The Battier Effect: Facilitative Leadership at Its Best

Chuck Williams

By: Chuck Williams - Dean, Butler University College of Business

Category: Leadership

Leaders, ask yourself: Are you effectively facilitating the performance of each of your team members, especially your best “team” players — not just your stars?

Continued Below...

Subscribe

In the sports world certain athletes simply make teams better by their presence in the game. A recent New York Times article, “The No-Stats All-Star,” featured NBA athlete Shane Battier of the Houston Rockets. Battier does not score a lot of points or grab many rebounds — in fact, the team’s general manager, Daryl Morey, described him as a “marginal” athlete. But Battier may very well be his team’s most valuable player … and team leader.

That’s because his game is a collection of strengths that add to the whole. Morey calls him Lego because “when he is on the court all the pieces start to fit together. And everything that you can get to through intellect instead of innate ability, Battier excels in.” NBA games are usually decided by a small point differential, so the little things, such as the extra pass on offense or the defensive position that keeps a top scorer out of his comfortable shooting areas, really count.

Battier’s contributions are under the radar of the box score of traditional basketball statistics, but he makes the team better and takes his satisfaction in winning as a team.

What does the “Battier Effect” say about the effectiveness of teams, whether basketball or business?

First, that team leadership is shared. Leadership of the team rotates or moves among the members in a manner that enables the most capable person to lead the team at any given point in time. If a technical challenge is the issue at hand, one of the experts on the team may take the lead for that discussion. If the challenge is strategic or corporate in nature, a senior leader may very well be the recognized expert of the team at that moment.

Excellent team players clearly understand this concept and instinctively behave this way. Have you ever been part of a team experience or discussion that worked seamlessly in this manner? It is exhilarating! Ideas spark; energy is high; engagement is keen.

Second, that the designated team leader or boss must skillfully enable and facilitate the ability of team members to play their roles. He or she must bring out the best in everyone on the team, not just the technical stars or most assertive contributors.

In our MBA class Perspectives on Leadership, we explore leadership at the Indianapolis Symphony Orchestra in depth. Conductor Mario Venzago has reflected on leading a team of 87 world class professional musicians. The success of a given performance depends on Venzago’s ability to align a large number of talented (and in some cases very independent-minded) musicians with his vision of how he wants a particular part to sound. The musicians must enroll in his vision and then take turns playing their roles (and parts) flawlessly.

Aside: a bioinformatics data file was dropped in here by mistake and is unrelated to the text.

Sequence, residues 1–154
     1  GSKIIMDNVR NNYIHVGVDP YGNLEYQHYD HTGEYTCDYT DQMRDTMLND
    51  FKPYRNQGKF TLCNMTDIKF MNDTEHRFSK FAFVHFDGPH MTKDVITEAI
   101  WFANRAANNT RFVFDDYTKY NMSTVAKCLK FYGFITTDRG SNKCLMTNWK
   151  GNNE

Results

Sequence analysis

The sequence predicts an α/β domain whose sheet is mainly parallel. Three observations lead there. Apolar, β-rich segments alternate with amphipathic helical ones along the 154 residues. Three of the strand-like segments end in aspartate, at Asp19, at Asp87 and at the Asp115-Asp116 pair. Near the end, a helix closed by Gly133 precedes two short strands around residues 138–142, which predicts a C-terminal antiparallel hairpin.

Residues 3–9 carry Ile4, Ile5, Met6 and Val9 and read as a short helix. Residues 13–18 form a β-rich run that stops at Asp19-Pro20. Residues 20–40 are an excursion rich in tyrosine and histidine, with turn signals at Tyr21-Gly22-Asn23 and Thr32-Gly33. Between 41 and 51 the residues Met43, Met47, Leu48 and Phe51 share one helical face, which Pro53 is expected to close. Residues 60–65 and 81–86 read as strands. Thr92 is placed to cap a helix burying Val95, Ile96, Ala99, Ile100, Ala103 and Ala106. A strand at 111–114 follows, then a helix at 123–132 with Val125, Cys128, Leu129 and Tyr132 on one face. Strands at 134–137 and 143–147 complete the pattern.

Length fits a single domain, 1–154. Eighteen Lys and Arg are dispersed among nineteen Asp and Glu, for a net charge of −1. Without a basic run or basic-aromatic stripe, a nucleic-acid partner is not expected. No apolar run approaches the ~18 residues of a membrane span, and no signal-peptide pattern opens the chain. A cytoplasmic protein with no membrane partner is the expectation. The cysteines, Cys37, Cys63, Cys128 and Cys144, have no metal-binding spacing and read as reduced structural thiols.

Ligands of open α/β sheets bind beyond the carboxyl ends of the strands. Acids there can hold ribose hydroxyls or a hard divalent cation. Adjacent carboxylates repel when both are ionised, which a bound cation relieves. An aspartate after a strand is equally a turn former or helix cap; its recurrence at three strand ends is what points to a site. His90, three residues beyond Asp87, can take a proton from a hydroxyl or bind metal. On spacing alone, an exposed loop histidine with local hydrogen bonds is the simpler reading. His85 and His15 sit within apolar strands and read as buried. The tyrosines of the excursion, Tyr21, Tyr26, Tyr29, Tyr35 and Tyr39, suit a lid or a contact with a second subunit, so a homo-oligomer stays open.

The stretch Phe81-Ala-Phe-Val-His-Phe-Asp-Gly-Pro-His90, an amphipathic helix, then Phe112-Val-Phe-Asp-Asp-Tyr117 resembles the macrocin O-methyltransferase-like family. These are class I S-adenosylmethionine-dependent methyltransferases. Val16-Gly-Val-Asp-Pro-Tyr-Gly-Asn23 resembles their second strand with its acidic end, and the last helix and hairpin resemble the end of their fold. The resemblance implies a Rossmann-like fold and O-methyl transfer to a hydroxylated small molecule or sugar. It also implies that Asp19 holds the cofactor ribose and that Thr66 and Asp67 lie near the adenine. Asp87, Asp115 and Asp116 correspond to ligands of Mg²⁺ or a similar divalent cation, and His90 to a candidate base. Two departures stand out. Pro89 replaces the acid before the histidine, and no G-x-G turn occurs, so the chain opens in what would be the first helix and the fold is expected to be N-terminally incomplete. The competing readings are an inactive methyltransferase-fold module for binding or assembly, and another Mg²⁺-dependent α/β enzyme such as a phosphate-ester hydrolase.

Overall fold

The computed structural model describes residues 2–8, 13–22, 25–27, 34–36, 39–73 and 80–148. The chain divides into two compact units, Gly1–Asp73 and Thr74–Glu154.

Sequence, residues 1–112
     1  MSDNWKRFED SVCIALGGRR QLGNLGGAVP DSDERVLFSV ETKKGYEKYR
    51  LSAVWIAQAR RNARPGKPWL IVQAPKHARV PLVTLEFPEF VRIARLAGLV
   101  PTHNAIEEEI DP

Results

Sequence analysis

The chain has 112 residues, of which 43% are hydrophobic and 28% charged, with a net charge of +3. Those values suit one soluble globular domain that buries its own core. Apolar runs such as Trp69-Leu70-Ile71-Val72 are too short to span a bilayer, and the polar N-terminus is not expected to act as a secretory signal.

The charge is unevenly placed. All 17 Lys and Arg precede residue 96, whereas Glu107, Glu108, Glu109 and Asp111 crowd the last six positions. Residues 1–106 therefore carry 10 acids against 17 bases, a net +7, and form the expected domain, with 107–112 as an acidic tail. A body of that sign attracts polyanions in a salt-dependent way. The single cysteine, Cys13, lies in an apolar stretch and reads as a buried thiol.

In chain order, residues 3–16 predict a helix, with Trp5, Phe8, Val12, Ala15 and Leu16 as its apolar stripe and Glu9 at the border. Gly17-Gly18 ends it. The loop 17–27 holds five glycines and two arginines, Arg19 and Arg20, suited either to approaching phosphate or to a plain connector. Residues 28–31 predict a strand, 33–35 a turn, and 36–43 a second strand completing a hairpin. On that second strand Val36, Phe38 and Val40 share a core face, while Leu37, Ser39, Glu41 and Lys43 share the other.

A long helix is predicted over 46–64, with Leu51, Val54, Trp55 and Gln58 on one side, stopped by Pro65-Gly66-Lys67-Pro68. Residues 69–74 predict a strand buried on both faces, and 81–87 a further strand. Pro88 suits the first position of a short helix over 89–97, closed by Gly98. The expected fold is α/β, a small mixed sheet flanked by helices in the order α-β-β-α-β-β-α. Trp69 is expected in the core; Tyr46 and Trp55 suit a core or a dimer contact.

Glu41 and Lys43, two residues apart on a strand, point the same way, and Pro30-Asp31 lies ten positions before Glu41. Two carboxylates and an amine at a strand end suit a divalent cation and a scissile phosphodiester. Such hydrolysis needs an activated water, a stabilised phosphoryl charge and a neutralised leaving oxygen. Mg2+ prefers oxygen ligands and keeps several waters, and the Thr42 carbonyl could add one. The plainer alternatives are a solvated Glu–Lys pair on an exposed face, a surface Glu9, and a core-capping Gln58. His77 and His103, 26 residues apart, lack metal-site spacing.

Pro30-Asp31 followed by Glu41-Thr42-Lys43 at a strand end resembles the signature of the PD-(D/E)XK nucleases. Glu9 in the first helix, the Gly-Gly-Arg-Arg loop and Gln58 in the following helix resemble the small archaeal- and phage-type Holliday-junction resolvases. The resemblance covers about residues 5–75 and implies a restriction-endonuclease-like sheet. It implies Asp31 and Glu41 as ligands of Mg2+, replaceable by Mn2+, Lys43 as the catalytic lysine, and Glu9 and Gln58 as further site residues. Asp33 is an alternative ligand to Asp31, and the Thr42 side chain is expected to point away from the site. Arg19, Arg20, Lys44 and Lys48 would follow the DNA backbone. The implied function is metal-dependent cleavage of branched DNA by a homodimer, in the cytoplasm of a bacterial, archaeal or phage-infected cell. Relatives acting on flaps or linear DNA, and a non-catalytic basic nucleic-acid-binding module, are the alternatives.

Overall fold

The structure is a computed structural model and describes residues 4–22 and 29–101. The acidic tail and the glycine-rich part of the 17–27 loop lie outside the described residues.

Keep in mind that each of these musicians is a star in his or her own right. For example, approximately 60 oboe players make a living as members of a full-time symphony orchestra in the United States. These musicians may take a solo when asked, but the essence of their success in making the orchestra better is their ability to play their part and make the other players in their section better by the way they listen, adapt and fit in with the team.

Third, that developing the Battier’s in our organizations is a responsibility that excellent leaders take seriously.
We may not be conducting a symphony or coaching an NBA team, but we are responsible for identifying and developing the great team players in our organizations. Some of the skills and personal attributes that we should watch for in employees who make their peers and teams better include:
• Putting team interests ahead of personal gain
• Listening first, then speaking
• Asking the right appreciative questions, at the right time
• Demonstrating respect for all team members, other members of the organization and customers
• Resolving conflict constructively rather than avoiding it or fanning the flames
• Seeing the opportunities in problems
• Thinking in visionary or strategic terms while still getting immediate work done

Can you spot and support the Battier’s in your organization, and coach your leaders to maximize everyone’s contributions when working together? If so, you are on your way to building a championship team.

  • Print
  • E-Mail
  • Newsletters

To view the past 6 months of archived Perspectives, select an article from the dropdown below and hit 'View':
 

To search the archive of Perspectives articles, go to the Search page